When World War II broke out, the church had a monumental, gothic silhouette, richly decorated with baroque details. In 1944, as a result of the Allied air raids, the cathedral was destroyed, its chancel surviving in the best condition. The ruins were secured, but the church was not reconstructed until the 1970s. The parishioners tried to receive a permit to begin renovations much earlier, but it was impossible due to political reasons – the German origin of the building proved to be problematic for the authorities.
In 1972, when Pope Paul VI recreated the Archdiocese of Szczecin-Kamień, the decision was made to rebuild the Szczecin cathedral. The renovation work lasted until 1974, and the design of the cathedral was created by well-known Szczecin architects: Stanisław Latour and Adam Szymski. The church saw its gothic form restored, but its northern side was built in a contemporary style, with modern windows inserted in the brick walls.
The work didn’t finish there – in 2007, the tower was topped with a slender helmet, which restored its original look, and in 2018, the northern, modern side of the church was destroyed. It is currently being replaced with a new one resembling the gothic original. Thanks to this contemporary process of restoring the gothic features of the cathedral, its uniform and consistent look will be restored.
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Cathedral Basilica of the Assumption of the Blessed Virgin Mary in flames, Sosnowiec, 2014, photo: Daniel Pietryga / Foto Gość / Forum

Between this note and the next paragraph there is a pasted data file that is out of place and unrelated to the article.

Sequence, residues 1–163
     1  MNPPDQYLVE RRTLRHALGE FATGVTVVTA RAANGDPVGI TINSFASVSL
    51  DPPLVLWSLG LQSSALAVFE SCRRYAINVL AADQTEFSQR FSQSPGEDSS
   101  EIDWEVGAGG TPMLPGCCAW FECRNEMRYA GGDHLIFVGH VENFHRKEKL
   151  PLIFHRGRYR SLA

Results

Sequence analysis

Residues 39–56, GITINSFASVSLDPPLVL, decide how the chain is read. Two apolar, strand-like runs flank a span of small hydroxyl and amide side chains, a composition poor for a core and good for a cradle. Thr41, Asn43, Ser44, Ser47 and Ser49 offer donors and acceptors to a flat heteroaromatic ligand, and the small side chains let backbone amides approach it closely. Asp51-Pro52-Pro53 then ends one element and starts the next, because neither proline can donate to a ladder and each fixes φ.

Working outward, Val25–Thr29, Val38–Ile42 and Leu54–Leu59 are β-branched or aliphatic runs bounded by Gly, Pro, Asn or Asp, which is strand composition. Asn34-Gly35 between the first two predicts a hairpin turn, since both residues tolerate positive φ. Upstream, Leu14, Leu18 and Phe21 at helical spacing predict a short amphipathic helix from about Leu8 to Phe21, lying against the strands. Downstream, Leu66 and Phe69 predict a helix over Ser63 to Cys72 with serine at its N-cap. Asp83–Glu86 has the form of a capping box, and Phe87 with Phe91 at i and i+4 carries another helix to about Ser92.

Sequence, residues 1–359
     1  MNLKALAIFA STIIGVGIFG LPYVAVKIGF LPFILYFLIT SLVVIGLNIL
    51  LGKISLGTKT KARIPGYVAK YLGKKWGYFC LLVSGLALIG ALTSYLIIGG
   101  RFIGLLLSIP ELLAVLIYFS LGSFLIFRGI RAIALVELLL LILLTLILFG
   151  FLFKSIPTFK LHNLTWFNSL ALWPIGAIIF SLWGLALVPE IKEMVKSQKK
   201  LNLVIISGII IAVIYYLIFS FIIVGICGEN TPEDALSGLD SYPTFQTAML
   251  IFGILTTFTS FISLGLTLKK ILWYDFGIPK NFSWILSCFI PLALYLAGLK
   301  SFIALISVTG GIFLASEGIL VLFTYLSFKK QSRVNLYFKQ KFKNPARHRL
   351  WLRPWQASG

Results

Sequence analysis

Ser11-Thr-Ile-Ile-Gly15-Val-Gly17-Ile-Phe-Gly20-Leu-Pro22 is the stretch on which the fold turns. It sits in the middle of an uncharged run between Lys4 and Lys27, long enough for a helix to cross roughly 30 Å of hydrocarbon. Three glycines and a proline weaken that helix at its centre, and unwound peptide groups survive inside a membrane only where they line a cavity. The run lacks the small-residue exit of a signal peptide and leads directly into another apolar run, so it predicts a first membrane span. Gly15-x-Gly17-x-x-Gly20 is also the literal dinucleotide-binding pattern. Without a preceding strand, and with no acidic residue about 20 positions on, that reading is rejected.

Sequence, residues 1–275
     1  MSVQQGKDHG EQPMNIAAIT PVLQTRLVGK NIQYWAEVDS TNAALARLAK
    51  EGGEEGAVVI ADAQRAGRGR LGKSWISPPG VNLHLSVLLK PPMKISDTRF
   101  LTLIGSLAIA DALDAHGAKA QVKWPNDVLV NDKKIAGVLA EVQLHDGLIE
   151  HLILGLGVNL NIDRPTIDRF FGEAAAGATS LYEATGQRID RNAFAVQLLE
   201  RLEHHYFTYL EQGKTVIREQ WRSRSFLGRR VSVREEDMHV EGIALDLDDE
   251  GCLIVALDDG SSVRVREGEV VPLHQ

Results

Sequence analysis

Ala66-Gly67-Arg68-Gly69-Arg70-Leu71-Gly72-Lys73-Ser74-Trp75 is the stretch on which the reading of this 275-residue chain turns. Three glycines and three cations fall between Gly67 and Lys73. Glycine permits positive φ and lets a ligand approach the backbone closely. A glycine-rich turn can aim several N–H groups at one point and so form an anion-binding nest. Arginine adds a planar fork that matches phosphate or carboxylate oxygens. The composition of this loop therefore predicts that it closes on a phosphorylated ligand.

As we saw in April 2019, cathedrals can be threatened by factors other than war. It turns out that even the latest technologies cannot save buildings as valuable as the Notre-Dame de Paris Cathedral from fire. Poland, too, has had its share of church fires.
In 2006, firefighters risked their lives to save not only the burning edifice of the oldest church in Gdańsk, but also the valuable elements of its interior. The flames led to the collapse of the roof and one of the walls. After several years of reconstruction and more than a dozen million złoty, the ordeal is still not over.
More recently, in 2014, a fire destroyed a large part of the cathedral in Sosnowiec. It consumed not only the roof, but also valuable paintings and accoutrements. The damage was enormous, but funds for the renovation were collected from all over Poland. While the church was reopened rather quickly, the art nouveau polychromes will never be restored.
The roof of the cathedral in Gorzów Wielkopolski caught fire during city celebrations in 2017. It took 30 hours to put it out. The roof truss, the organs and a part of the tower all burned down, but another consequence of the fire – a fact, rarely remembered, although it is part of all such tragedies – was water damage. The dampness that remains in the building long after a fire is put out can promote the growth of fungi, which is devastating to the interior decorations.
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Chapels are extremely important places on the map of human heritage – for a part of society, their value resides not only in their artistic, architectural and decorative qualities, but also in their spiritual significance. For this reason, any reconstruction or alteration of the look of sacred buildings are connected not only to controversy, but to a great sense of responsibility. History shows how the approaches and methods of action can be different in light of these factors and many more.